Chinese President Xi Jinping has launched a nationwide anti-corruption drive targeting what is notoriously known as "black societies", the nexus between the mafia and corrupt government officials. The initiative is aimed at improving the image of the ruling communist party by turning on the heat on organised crime involving corrupt local officials across the country.
In the crackdown, which is likely to be reminiscent of previous campaigns that had faced criticism over rights violations, the Xi administration is set to take on the nexus of the grassroots-level corruption to boost the communist party's image, which is thought to been taking a hit due to widespread fraud at the lower strata of the society.
The large-scale anti-corruption campaign is spearheaded by Xi himself along with about 30 party or government authorities.
The state-run People's Daily issued a notice on its front page on Thursday, 25 January, and called the anti-graft campaign a key decision which goes with the "Xi Jinping thought" – the official political ideology adopted in October 2017 after Xi was catapulted to the status of Mao Zedong.
This comes after Xi held a closed-door meeting with the communist party's anti-graft body, Central Commission for Discipline Inspection. He reportedly warned them that any kind of murky nexus between government officials and the mafia will not be tolerated.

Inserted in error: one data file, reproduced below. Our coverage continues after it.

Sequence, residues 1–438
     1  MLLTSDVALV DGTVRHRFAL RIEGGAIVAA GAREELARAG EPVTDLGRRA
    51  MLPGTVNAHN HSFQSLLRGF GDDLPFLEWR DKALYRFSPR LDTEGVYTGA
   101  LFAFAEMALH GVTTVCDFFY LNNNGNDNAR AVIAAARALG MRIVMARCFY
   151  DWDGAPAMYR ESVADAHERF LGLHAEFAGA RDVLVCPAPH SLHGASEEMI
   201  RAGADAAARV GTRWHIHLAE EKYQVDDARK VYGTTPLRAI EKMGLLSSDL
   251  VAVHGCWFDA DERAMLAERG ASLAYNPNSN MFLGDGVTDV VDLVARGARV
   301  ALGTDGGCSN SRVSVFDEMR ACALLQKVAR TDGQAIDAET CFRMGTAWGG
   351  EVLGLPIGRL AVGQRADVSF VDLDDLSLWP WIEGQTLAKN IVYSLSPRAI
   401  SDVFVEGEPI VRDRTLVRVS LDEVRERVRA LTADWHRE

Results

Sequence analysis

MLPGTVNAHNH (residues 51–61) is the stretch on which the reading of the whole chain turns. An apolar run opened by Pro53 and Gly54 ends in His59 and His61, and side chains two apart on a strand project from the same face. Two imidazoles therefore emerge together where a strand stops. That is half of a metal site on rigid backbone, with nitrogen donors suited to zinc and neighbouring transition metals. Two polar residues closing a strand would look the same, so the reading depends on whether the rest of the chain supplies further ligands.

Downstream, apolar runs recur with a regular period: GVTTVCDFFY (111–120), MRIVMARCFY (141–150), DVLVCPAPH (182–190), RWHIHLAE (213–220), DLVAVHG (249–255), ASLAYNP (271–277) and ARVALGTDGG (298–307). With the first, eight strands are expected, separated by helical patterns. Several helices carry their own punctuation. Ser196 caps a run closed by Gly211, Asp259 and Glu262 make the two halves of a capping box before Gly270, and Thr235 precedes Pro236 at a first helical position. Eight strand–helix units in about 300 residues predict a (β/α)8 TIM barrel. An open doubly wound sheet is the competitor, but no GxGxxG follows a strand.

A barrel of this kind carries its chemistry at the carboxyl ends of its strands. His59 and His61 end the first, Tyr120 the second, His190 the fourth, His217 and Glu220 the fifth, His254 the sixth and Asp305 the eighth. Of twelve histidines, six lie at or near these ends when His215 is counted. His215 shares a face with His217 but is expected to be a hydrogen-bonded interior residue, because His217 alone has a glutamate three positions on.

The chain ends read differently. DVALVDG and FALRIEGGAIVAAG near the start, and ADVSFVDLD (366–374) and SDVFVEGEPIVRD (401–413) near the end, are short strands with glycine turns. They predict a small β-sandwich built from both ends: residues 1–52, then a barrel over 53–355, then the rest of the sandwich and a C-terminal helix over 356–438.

Crackdown on matters related to pornography, gambling, illicit drugs, pyramid sales, abduction and human-trafficking have been earmarked as the top priority in the push, according to the state media.
"The national battle to eradicate triads and evils will be pivotal in securing the stability of the country, deciding whether the people are for or against [the party and the government] and in consolidating grassroots political power," read a statement released by the party's central body.
China is not new to such widespread and nationwide policy implementations or crackdowns but the effectiveness of the latest campaign is bound to be questioned. This is because of the alleged ineffectiveness of initiatives by previous administrations. But, the party's watchdog has pledged that there will be no rights abuse and the crackdown will be substantiated with evidence in order to address concerns over extrajudicial actions.
On the other hand, if the crackdown turns out to be successful, it would undoubtedly help Xi further cement his leadership and strengthen his power base across the country. Similar campaigns such as the one in 2009 led by prominent politician Bo Xilai, resulted in the arrest of thousands of individuals but organised crime has crawled back into the bureaucracy.
"It's not just a usual campaign; it's been deemed as a fight that the party must win," a source who has direct knowledge of the developments told the South China Morning Post.
Why is Xi Jinping cracking down on China's 'black societies' in fresh anti-corruption drive?